G8 discussions focus on eurozone crisis and Syria
G8 host President Barack Obama declared the group “absolutely committed” to growth and fiscal reforms Saturday as leaders of the world’s major economies tried to bridge divisions over the eurozone’s deepening crisis.
With the future of Europe’s currency union in doubt, Obama stressed the need for policies that would span competing demands for growth-friendly spending and German-backed budget cuts.
“All of us are absolutely committed to making sure that both growth and stability, and fiscal consolidation, are a part of an overall package,” Obama said, while flanked by G8 leaders at his Camp David rural retreat.
The ‘all-of-the-above’ approach masks deep divisions within the G8, that have seen the United States support French efforts to up end two years of Berlin-led austerity-first policies.
Critics say the existing single-minded focus on cutting Europe’s sky-high debt has fuelled rampant unemployment, brought Greece to the verge of bankruptcy and deepened crises in Italy and Spain.
The coming weeks will tell if the G8’s new 30 000-foot view of mutually compatible austerity and stimulus survives contact with events on the ground.
Greece may be the first test after the clobbering in recent elections of pro-austerity parties left a cash-for-reforms deal between Athens and the rest of Europe on life support.
Fresh Greek polls are scheduled for June 17, but amid widespread public anger there is no certainty that supporters of the painful reforms will win.
That would leave G8 members with a tough choice: loosen demands on Greece by backing more pro-growth policies, or stop assistance.
Financial markets are already betting that if anti-austerity parties win again, Germany will turn off the bailout tap, a decision that would likely force a Greek default and exit from the eurozone.
The prospect of Greece’s eurozone exit—which could have steep repercussions for the US economy and perhaps his chances of re-election—had spurred Obama to wade neck-deep into European political waters.
There he risked the ire of his guest and Europe’s paymaster German Chancellor Angela Merkel, who has demanded reforms to assuage stiff domestic opposition to repeated taxpayer-funded bailouts.
The tension between the Obama and Merkel was evident Friday when a dressed-down president greeted G8 leaders at his cabin for an informal dinner that would last more than two hours.
Obama welcomed Merkel with a cordial: “How’ve you been?”
When her response came: a shrug and pursed lips, Obama conceded: “Well, you have a few things on your mind.”
Looking to the longer-term, discussion is stirring about the need for specific stimulus spending funded by common European bonds—a measure some say would satisfy the need for austerity and stimulus.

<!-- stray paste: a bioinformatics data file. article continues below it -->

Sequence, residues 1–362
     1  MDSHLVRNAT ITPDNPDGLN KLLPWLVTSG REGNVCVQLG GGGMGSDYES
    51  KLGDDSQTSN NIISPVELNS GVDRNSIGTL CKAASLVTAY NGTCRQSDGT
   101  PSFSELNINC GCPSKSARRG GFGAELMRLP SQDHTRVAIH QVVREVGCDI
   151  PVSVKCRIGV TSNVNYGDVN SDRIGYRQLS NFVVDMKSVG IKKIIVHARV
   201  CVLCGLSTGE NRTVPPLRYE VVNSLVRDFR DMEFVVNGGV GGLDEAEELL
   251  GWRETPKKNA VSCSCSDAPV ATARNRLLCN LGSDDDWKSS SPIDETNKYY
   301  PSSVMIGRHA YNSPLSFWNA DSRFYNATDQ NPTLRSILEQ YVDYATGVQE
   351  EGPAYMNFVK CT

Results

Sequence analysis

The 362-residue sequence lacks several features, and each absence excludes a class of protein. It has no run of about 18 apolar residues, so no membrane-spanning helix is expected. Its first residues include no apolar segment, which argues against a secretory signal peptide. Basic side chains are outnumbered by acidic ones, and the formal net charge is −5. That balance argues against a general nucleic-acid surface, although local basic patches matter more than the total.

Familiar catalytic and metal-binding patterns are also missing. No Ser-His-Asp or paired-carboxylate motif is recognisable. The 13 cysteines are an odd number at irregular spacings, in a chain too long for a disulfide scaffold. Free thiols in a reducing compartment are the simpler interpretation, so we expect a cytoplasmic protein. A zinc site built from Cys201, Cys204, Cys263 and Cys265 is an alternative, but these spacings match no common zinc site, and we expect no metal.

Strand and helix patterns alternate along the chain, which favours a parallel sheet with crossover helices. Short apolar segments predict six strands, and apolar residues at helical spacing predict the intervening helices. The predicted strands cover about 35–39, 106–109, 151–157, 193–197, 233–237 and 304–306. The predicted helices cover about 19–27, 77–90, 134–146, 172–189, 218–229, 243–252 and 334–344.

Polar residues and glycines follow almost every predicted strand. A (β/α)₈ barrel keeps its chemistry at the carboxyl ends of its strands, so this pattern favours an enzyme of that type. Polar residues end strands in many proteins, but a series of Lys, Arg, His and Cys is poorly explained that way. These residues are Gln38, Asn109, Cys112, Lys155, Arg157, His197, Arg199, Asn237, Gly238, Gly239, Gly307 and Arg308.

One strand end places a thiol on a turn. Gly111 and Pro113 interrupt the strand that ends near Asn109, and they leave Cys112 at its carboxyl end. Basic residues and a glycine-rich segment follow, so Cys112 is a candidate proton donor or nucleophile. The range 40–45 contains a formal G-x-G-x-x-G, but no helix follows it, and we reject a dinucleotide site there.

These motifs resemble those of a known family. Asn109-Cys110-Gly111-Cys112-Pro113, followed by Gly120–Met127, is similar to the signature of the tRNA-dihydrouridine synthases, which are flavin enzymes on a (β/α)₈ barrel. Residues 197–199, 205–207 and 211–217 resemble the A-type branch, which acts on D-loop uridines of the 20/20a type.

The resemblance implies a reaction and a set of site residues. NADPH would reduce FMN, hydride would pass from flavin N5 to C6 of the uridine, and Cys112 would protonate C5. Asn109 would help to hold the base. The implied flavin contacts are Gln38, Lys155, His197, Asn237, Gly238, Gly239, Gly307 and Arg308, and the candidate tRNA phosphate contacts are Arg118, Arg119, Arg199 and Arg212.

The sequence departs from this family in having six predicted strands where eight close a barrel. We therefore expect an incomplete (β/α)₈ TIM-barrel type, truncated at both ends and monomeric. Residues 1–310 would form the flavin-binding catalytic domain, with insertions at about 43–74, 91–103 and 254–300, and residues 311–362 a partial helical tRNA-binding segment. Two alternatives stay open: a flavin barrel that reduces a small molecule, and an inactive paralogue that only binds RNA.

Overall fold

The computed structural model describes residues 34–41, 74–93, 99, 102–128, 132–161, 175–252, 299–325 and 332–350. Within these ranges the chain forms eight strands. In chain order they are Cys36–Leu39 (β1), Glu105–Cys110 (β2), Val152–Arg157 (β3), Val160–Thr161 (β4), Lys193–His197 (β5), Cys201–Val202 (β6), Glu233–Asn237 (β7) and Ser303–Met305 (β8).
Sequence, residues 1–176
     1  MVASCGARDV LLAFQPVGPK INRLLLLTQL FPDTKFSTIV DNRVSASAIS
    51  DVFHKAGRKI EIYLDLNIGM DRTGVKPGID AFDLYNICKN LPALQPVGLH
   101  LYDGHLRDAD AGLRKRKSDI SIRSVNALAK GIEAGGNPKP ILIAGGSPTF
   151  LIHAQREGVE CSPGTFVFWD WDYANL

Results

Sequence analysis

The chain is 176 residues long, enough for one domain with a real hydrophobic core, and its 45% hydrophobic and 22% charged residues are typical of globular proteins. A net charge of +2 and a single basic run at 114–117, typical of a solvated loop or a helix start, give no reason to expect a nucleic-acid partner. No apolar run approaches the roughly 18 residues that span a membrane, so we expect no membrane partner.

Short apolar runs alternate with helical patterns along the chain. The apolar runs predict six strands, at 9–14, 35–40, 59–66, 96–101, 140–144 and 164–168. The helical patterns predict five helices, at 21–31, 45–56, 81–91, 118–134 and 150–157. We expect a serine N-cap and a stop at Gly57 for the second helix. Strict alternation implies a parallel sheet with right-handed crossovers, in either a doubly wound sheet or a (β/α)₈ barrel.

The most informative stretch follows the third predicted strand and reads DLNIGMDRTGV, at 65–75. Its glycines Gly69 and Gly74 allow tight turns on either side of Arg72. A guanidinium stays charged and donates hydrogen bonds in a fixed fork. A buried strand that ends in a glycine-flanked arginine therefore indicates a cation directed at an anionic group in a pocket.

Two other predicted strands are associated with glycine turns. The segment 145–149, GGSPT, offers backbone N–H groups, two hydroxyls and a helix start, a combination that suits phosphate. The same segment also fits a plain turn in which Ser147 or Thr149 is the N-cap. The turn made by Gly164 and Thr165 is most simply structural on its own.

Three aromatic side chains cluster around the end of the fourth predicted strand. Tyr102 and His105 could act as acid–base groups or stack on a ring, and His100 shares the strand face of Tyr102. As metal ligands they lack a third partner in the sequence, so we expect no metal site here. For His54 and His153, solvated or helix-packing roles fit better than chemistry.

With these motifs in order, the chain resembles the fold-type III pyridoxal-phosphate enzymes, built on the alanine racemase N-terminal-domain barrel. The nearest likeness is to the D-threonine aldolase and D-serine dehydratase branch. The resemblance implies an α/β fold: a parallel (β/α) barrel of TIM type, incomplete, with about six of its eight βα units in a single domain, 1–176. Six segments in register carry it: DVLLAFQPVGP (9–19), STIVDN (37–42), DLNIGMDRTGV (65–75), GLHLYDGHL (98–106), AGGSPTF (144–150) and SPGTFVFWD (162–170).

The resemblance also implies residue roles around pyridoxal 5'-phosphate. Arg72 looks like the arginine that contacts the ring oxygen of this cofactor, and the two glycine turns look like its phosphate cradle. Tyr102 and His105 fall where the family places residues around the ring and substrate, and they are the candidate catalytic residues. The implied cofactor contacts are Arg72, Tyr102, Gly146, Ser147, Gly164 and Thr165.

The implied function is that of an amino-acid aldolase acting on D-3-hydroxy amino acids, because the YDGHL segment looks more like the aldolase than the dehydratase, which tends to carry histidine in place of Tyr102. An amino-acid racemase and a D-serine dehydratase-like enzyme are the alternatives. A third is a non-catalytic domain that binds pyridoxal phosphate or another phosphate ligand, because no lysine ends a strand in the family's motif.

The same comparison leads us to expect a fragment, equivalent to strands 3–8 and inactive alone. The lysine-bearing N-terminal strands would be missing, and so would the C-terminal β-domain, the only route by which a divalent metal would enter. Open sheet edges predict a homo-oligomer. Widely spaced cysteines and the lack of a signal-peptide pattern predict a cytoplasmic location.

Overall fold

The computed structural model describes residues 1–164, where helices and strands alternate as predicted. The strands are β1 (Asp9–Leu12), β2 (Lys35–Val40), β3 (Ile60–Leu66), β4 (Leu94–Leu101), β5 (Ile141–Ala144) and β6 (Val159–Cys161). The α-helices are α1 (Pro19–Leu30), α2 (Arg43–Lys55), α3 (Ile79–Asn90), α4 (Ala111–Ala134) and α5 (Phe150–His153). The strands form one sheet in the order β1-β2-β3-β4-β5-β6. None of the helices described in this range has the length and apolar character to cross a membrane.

“We need to compliment the fiscal consolidation efforts for reforms with investment,” European Commission chief Jose Manuel Barroso told Agence France-Presse (AFP) ahead of the summit.
But according to one senior European politician not taking part in the discussions at Camp David, finding projects that could quickly stimulate the Greek or other economies may not be easy, and the plan may yet be overtaken by events.
Greek and Spanish citizens have been pulling cash from their bank accounts, risking a fully-fledged bank run.
Serious about Syria
Friday night’s discussions at Camp David’s rustic collection of cabins in the wooded Catoctin Mountains in Maryland focused heavily the on-going bloodshed in Syria.
Obama said Saturday the G8 agreed that the political process in Syria should move forward “in a more timely fashion.”
“We had a discussion about Syria, we all believe that a peaceful resolution and a political transition in Syria is preferable.”
But as the UN weighs sending more military observers to the country, it was not clear whether Russia and the rest of the G8 had bridged differences over the fate of Syrian President Bashar al-Assad’s regime.
There was also broad G8 agreement about how to tackle upcoming talks with Iran.
Obama said world powers were “hopeful” about the talks in Baghdad on Wednesday, emphasizing that the leaders agreed on how to tackle the crisis, in an implicit contrast to Iran’s deepening isolation.
Diplomats said the weekend would also see agreement on how to help newly free Arab nations recover state assets moved abroad by members of previous regimes.
The G8 club of developed nations includes Britain, Canada, France, Germany, Italy, Japan, Russia and the United States.—AFP